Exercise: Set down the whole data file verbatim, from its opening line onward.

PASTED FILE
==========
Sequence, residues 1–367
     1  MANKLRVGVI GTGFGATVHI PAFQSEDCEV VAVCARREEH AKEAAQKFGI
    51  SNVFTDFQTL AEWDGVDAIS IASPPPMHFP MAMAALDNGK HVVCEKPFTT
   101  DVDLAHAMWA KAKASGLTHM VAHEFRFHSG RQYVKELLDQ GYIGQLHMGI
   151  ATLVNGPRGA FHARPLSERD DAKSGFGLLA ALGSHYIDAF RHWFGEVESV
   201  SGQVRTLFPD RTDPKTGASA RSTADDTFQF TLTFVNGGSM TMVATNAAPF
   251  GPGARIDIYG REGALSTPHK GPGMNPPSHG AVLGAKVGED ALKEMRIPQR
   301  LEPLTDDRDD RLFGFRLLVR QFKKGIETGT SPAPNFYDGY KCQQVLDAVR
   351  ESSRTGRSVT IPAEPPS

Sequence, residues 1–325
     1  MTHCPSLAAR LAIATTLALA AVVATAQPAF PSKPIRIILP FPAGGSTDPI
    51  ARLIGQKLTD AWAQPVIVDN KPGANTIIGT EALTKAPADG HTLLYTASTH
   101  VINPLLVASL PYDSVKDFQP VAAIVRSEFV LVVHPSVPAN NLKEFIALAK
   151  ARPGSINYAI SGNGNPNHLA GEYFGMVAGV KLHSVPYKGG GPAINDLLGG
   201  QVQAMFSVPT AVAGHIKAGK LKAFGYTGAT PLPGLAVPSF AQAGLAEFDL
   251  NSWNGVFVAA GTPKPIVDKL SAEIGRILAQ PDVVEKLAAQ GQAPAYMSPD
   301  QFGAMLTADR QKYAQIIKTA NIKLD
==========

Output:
Sequence, residues 1–367
     1  MANKLRVGVI GTGFGATVHI PAFQSEDCEV VAVCARREEH AKEAAQKFGI
    51  SNVFTDFQTL AEWDGVDAIS IASPPPMHFP MAMAALDNGK HVVCEKPFTT
   101  DVDLAHAMWA KAKASGLTHM VAHEFRFHSG RQYVKELLDQ GYIGQLHMGI
   151  ATLVNGPRGA FHARPLSERD DAKSGFGLLA ALGSHYIDAF RHWFGEVESV
   201  SGQVRTLFPD RTDPKTGASA RSTADDTFQF TLTFVNGGSM TMVATNAAPF
   251  GPGARIDIYG REGALSTPHK GPGMNPPSHG AVLGAKVGED ALKEMRIPQR
   301  LEPLTDDRDD RLFGFRLLVR QFKKGIETGT SPAPNFYDGY KCQQVLDAVR
   351  ESSRTGRSVT IPAEPPS

Sequence, residues 1–325
     1  MTHCPSLAAR LAIATTLALA AVVATAQPAF PSKPIRIILP FPAGGSTDPI
    51  ARLIGQKLTD AWAQPVIVDN KPGANTIIGT EALTKAPADG HTLLYTASTH
   101  VINPLLVASL PYDSVKDFQP VAAIVRSEFV LVVHPSVPAN NLKEFIALAK
   151  ARPGSINYAI SGNGNPNHLA GEYFGMVAGV KLHSVPYKGG GPAINDLLGG
   201  QVQAMFSVPT AVAGHIKAGK LKAFGYTGAT PLPGLAVPSF AQAGLAEFDL
   251  NSWNGVFVAA GTPKPIVDKL SAEIGRILAQ PDVVEKLAAQ GQAPAYMSPD
   301  QFGAMLTADR QKYAQIIKTA NIKLD